University Calculus: Early Transcendentals (3rd Edition)

Published by Pearson
ISBN 10: 0321999584
ISBN 13: 978-0-32199-958-0

Chapter 10 - Section 10.2 - Calculus with Parametric Curves - Exercises - Page 572: 32


$\dfrac{28 \pi}{9}$

Work Step by Step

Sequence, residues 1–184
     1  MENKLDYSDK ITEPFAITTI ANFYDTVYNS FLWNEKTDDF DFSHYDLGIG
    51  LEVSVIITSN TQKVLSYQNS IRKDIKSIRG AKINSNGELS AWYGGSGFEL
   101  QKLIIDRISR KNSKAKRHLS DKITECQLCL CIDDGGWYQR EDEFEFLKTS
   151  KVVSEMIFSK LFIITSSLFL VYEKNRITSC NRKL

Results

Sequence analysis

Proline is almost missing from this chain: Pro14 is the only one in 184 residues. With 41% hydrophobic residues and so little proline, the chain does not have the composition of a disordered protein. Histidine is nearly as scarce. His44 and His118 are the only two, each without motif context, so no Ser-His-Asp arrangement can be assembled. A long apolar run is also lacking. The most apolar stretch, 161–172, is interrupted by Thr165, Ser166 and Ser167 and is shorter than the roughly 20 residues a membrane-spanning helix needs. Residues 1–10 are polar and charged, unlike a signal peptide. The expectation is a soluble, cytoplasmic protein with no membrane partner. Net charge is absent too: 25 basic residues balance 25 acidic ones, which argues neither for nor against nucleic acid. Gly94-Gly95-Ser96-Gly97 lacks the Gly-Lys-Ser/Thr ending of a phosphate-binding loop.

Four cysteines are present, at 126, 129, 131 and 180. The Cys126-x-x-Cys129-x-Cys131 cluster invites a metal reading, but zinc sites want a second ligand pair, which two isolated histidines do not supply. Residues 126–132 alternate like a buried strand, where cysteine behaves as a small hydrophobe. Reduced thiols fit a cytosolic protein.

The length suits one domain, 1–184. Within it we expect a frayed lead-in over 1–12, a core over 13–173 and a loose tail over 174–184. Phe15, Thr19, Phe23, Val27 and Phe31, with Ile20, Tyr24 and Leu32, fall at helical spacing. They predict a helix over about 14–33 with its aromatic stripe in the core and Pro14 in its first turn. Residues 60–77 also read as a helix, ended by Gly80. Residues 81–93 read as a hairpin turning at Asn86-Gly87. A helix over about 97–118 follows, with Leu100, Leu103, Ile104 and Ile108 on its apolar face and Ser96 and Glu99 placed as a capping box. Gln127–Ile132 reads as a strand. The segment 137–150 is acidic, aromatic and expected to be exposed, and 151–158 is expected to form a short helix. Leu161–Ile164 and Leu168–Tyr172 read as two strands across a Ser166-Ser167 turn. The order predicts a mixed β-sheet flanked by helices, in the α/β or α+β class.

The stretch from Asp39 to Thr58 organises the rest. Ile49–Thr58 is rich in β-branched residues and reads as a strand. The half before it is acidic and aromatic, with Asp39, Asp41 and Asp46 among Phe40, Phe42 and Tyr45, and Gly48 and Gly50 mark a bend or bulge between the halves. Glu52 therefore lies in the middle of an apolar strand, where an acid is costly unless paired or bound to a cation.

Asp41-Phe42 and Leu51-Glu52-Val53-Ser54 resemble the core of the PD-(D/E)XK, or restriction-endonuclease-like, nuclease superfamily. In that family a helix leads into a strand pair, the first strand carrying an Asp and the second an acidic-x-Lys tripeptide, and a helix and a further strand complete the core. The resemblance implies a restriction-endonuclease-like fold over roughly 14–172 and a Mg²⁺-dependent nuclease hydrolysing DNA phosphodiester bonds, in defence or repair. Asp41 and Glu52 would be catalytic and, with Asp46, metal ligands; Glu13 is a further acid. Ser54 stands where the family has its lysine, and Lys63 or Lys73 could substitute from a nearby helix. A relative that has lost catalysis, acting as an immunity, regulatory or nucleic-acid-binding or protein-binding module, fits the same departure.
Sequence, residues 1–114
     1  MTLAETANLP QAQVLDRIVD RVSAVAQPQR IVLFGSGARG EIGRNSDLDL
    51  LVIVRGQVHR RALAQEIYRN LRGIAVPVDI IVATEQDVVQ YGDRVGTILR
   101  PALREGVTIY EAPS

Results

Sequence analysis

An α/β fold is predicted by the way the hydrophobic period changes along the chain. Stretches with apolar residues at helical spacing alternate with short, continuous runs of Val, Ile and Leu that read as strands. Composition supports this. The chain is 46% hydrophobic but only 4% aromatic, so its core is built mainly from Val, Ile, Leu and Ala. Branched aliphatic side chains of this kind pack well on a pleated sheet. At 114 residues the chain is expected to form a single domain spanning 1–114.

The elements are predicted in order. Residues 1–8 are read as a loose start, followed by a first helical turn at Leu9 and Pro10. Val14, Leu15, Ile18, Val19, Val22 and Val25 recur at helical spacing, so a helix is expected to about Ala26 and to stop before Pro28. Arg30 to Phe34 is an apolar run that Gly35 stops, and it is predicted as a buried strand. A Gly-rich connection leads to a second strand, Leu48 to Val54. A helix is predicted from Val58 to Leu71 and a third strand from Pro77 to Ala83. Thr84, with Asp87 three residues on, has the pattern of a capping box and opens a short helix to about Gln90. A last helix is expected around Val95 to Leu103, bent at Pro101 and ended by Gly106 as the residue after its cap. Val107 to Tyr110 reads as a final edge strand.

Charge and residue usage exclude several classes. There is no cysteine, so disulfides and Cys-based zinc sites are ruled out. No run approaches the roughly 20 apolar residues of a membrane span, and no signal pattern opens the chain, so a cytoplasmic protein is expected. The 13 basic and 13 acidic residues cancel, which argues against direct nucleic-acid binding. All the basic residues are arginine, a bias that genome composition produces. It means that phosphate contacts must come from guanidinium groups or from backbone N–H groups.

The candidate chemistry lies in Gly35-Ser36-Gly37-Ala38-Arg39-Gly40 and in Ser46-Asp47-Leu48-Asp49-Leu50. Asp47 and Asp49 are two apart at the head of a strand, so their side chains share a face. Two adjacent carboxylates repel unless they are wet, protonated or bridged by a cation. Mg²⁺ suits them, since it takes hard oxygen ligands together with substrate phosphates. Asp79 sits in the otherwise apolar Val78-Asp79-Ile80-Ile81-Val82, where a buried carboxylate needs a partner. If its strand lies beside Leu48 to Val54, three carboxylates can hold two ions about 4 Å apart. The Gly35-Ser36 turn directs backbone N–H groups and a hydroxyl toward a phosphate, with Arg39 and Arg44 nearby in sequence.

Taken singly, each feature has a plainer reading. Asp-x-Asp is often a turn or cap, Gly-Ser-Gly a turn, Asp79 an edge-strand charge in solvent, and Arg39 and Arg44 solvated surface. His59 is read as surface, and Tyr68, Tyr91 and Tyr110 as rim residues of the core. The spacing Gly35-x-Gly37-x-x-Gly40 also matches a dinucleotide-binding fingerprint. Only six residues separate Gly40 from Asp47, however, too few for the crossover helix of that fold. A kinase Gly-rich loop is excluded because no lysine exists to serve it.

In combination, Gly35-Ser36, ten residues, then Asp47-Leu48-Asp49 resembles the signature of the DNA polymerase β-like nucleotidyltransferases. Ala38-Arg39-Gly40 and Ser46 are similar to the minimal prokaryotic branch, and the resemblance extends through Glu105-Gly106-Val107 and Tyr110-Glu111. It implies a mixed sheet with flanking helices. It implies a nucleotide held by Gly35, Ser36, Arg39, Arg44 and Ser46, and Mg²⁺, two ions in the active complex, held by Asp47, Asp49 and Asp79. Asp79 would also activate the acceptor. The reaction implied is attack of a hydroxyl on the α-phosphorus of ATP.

Since, $dS=\sqrt{(\dfrac{dx}{dt})^2+(\dfrac{dy}{dt})^2} dt$ Thus, $dS=\sqrt{(t^{1/2})^2+(t^{-1/2})^2}=\sqrt{\dfrac{t^2+1}{t}}$ or, $S=\int_{0}^{\sqrt 3} (2 \pi) x ds=\int_{0}^{\sqrt 3} (2 \pi) (2/3t^{3/2}) (\sqrt{\dfrac{t^2+1}{t}}) dt$ or, $S=\dfrac{4 \pi}{3}\int_{0}^{\sqrt 3} t\sqrt{t^2+1} dt$ Suppose $p=t^2+1 \implies dp=2 dt$ $S=\dfrac{2 \pi}{3}\int_{1}^{4} \sqrt{p} dp=\dfrac{28 \pi}{9}$
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